I have included several links to articles regarding vaccinations. One article includes a link to the American Association of Feline Practitioners (AAFP) vaccine protocols, and I suggest you copy it and give it to your vet and ask if he or she follows these protocols. The other articles discussing the different vaccines, which are recommended and are not and why, and immunology in general. The second (Critter Fixer Hospital website) is an excellent article which makes it easier to for us lay people to understand what vaccines are all about, and to make informed decisions concerning which vaccines we would like to use and when. It also provides a schedule of when to give each vaccine. The third article is from a presentation given at a conference to veterianarians, and has lots of good information, although it's a bit more technical. This would be a good article to share with your veterinarian.
Remember, I have already vaccinated your cat or kitten - some vets want to redo the vaccine because they don't trust the breeder - don't allow this! Over vaccination can be very dangerous, as you will read in the articles. One of the problems of overvaccination is vaccine-induced feline sarcoma, a deadly cancer. You should have received some medical records on your cat giving you the dates and types of vaccines I and my vet have used on your new kitty. Please share these with your veterinarian.
I recommend you give the three-way vaccine (panleukopenia, rhinotracheitis, calici viruses) at one year and four months old; this is the booster shot that is given one year after their last kitten vaccine. The new vaccine protocols recommend revaccination every three years (not every year as formerly recommended, and as the vaccine companies would like you to do). According to the Critter Fixer article, these vaccines aren't really needed at all after the cat has the first boosters, since their immune systems are matured. Your vet may give yearly vaccines - don't let him do it to your cats! Since the AAFP says 3 years, ask your vet to follow those guidelines instead of whatever his standard is, and instead of the vaccine manufacturers' recommendations.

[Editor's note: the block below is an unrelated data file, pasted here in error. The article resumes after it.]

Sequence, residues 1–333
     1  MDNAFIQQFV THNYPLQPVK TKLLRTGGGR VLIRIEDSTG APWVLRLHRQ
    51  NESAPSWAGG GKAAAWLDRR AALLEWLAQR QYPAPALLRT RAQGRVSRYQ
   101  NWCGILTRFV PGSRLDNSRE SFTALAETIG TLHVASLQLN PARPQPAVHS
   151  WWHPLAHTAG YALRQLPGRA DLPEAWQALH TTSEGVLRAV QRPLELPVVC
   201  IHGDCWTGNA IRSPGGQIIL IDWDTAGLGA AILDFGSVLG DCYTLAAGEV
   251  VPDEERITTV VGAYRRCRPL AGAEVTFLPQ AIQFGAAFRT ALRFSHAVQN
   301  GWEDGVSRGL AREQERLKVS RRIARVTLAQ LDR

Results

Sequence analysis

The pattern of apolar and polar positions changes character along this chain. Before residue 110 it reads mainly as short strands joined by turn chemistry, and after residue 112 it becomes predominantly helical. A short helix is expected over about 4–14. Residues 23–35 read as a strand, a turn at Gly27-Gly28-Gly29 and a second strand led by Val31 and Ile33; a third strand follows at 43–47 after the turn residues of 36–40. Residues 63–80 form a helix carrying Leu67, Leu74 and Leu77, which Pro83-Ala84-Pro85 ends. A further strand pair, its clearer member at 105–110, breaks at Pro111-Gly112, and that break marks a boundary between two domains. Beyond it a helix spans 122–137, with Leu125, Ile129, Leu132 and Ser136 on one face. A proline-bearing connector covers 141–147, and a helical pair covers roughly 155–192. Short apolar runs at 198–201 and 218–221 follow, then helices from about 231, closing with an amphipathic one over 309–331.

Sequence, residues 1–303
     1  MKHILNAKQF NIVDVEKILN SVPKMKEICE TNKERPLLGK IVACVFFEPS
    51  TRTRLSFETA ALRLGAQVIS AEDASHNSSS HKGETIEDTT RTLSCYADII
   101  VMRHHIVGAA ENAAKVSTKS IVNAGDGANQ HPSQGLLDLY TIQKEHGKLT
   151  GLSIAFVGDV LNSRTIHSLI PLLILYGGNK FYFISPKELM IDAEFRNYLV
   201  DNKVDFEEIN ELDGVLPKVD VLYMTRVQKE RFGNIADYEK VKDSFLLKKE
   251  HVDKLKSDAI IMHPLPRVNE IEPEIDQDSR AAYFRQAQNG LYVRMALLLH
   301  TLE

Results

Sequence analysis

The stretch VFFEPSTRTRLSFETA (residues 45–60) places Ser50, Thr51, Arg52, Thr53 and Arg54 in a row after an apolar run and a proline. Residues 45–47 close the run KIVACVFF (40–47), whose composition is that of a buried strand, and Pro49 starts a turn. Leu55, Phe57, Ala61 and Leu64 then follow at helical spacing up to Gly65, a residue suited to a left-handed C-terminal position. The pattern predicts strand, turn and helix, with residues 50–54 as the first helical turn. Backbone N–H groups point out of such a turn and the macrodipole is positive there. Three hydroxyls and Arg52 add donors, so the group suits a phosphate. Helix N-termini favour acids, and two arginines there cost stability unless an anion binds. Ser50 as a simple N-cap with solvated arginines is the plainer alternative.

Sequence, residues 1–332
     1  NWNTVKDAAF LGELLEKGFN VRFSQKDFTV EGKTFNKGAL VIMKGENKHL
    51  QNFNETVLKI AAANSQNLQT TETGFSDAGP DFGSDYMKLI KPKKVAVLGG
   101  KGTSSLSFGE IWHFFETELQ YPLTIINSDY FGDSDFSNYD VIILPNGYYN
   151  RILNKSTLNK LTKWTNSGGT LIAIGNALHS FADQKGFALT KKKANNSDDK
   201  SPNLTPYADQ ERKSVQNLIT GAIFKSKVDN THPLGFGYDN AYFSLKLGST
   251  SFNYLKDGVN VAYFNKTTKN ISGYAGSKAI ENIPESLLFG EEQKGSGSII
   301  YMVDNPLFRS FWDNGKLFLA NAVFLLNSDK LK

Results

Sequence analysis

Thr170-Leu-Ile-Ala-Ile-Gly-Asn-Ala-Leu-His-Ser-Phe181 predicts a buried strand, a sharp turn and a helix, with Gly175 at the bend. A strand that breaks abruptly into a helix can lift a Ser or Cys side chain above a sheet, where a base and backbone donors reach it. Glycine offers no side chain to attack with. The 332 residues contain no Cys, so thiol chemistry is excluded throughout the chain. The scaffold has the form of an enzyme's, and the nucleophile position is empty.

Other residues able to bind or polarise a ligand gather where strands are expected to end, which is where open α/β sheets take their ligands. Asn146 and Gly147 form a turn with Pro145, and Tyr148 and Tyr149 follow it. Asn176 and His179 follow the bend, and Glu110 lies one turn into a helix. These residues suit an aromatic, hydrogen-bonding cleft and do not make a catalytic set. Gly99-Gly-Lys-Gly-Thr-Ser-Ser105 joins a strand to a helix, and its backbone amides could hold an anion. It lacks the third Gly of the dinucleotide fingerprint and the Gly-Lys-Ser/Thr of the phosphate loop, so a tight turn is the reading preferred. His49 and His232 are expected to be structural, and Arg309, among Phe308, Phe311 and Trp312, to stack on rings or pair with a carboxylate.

One more note on vaccines. I don't in general give rabies shots. However, as it says in my contract, if you feel you need to give rabies, or it is required where you live or for your cat to visit a different state, I prefer the Purevax vaccine by Merial. It has no adjuvant, which should make it safer, since the adjuvant is believed to be the cause of vaccine-induced sarcomas. Make sure you find a vet that uses this vaccine, AND uses the proper protocols - rabies in the right rear leg. Make sure the vet gives you a rabies certificate, so if you ever need to prove the cat received it, you can. Carry it with you when traveling with your cat into states that require rabies vaccinations, like Texas.